On May 12, 2008, a massive earthquake measuring 8.0 on the Richter scale struck the southwest area of the People’s Republic of China, followed by a large number of aftershocks. The epicenter was in Wenchuan County, 92 kilometers northwest of the Sichuan provincial capital of Chengdu. The disaster affected 10 provinces and cities, with Sichuan suffering by far most of the damage, including 99% of mortality and morbidity. The most severely affected areas in Sichuan were mountainous, mostly at 3,000 meters above sea level, and economically less-developed and impoverished. But some more developed urban regions such as Chengdu, Deyang and Mianyang were also hit. The earthquake left more than 87,000 people dead or missing, nearly 375,000 injured, and many more displaced.

The earthquake badly damaged or destroyed houses, property, rail transport, power supply, water and sanitation facilities, hospitals and clinics, roads, buildings, and communication networks throughout the affected region. The total reconstruction cost was estimated at RMB 1 trillion, nearly equal to the gross domestic product of Sichuan Province or 3.9% of the national GDP in 2007. The vast majority of households and businesses were not covered by insurance, as is typical for disasters in low- and middle-income countries.

In the People’s Republic of China, the central government took a lead role in rehabilitating Wenchuan after the 2008 earthquake.

In 2009, in response to the global economic crisis and the Wenchuan earthquake, the government passed a massive 4 trillion RMB stimulus package, of which 25% went to earthquake reconstruction. In addition, richer provinces were paired with disaster-affected counties under a fiscal solidarity scheme and were required to put aside 1% of provincial government revenues to assist in the reconstruction work in partner counties. Altogether, those funds far exceeded the ordinary budgets of the earthquake-damaged counties. In addition, by the end of September 2009, 79.7 billion RMB in social contributions had been mobilized from individuals and NGOs inside and outside of the People’s Republic of China.

As a result of massive reconstruction spending, per capita GDP in Sichuan province did not change noticeably during and after the 2008 earthquake except for a marginal reduction of growth in 2008, the year of the earthquake and also of the global financial crisis. A major driver of the quick macroeconomic rebound was the construction sector, which increased rapidly since 2008 and remains strong even years after the reconstruction boom of the immediate post-earthquake period.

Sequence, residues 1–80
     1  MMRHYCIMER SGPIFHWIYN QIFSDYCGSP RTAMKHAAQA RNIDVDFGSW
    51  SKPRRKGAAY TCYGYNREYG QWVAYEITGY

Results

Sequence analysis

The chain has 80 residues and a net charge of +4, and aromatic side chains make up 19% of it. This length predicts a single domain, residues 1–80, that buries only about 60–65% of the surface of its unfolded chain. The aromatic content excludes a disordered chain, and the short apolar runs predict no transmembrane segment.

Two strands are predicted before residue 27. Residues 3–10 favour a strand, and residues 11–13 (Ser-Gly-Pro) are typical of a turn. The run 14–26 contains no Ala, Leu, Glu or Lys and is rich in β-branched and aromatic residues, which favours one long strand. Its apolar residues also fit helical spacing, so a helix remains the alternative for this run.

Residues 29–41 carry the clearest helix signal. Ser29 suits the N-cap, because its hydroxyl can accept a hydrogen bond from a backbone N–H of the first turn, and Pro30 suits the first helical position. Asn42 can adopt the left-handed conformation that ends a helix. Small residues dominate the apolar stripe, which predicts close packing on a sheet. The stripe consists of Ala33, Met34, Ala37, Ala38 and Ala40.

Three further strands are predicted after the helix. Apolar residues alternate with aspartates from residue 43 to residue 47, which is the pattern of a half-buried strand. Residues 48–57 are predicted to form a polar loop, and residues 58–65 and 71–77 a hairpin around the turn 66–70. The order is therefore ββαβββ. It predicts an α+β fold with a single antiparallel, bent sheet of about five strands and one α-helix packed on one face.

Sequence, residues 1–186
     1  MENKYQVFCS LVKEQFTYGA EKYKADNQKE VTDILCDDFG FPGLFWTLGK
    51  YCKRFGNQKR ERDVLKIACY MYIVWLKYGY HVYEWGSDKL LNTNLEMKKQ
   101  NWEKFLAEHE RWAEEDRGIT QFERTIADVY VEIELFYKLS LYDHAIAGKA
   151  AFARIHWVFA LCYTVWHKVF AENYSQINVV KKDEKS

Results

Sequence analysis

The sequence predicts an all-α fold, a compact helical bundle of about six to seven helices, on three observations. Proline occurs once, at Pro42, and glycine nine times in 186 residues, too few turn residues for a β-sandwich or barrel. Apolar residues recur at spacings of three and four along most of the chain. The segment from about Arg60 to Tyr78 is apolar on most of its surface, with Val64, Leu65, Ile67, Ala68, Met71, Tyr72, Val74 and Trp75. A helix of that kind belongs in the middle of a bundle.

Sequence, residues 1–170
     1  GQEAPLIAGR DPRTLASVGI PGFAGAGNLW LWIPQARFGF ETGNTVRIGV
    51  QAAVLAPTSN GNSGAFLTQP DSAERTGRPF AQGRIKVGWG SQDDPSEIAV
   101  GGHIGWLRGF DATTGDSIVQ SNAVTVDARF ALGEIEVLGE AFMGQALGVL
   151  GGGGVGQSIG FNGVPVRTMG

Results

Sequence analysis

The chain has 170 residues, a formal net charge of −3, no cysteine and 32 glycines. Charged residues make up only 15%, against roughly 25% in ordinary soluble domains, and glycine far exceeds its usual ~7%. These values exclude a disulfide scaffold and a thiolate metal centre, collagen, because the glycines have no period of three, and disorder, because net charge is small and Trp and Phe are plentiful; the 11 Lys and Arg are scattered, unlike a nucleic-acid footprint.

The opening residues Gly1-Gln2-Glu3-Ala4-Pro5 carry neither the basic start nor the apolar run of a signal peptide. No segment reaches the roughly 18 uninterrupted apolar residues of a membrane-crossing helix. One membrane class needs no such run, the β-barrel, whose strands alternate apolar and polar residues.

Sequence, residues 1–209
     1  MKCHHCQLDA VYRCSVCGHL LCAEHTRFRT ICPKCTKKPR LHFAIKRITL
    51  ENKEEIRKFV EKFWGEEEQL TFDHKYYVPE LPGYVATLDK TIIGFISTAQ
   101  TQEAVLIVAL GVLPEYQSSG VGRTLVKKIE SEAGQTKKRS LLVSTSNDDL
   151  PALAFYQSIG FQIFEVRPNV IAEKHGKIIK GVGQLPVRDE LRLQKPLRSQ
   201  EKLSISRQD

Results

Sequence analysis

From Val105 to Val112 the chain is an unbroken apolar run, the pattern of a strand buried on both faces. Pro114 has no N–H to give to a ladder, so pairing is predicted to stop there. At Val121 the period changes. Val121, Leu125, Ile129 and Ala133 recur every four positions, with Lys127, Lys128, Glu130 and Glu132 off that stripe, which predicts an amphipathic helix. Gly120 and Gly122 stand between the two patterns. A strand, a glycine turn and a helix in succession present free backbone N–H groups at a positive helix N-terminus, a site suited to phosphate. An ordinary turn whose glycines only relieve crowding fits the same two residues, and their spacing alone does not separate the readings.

Further analysis, using data from a survey conducted among 3,000 rural households ten months after the earthquake, finds that asset and income losses of households were substantial, especially in the hardest hit areas. However, government subsidies for affected households in 2008 were so large that mean income per capita was 17.5% higher in 2008 than in 2007, and the poverty rate actually plummeted from 34% to 19%!   Analyzing detailed information on household income from various sources, the survey indeed concluded that households on average were better off after the earthquake.

The four basic criteria for assessing the effectiveness of any build back better effort are safety, speed, inclusiveness, and long-term economic potential. Evidence suggest that the Wenchuan earthquake recovery scores especially high on speed and inclusiveness, and most likely safeguarded the long-term economic potential of the earthquake area. Above all, Wenchuan highlights the indispensable role of a concerted and decisive government recovery effort backed by massive resources for successful build back better. Such generous resourcing, which is the exception rather than the norm, can empower communities to cope with and bounce back from even the most catastrophic disasters.

This article is based on the findings of the ADB report ‘Asian Development Outlook 2019: Strengthening Disaster Resilience.’

Ilan Noy

Ilan Noy

Professor of Economics, Victoria University of Wellington, New Zealand

Benno Ferrarini

Benno Ferrarini

Principal Economist, Economic Research and Regional Cooperation Department, ADB

Donghyun Park

Donghyun Park

Principal Economist, Economic Research and Regional Cooperation Department, ADB

This blog is reproduced from Asian Development Blog.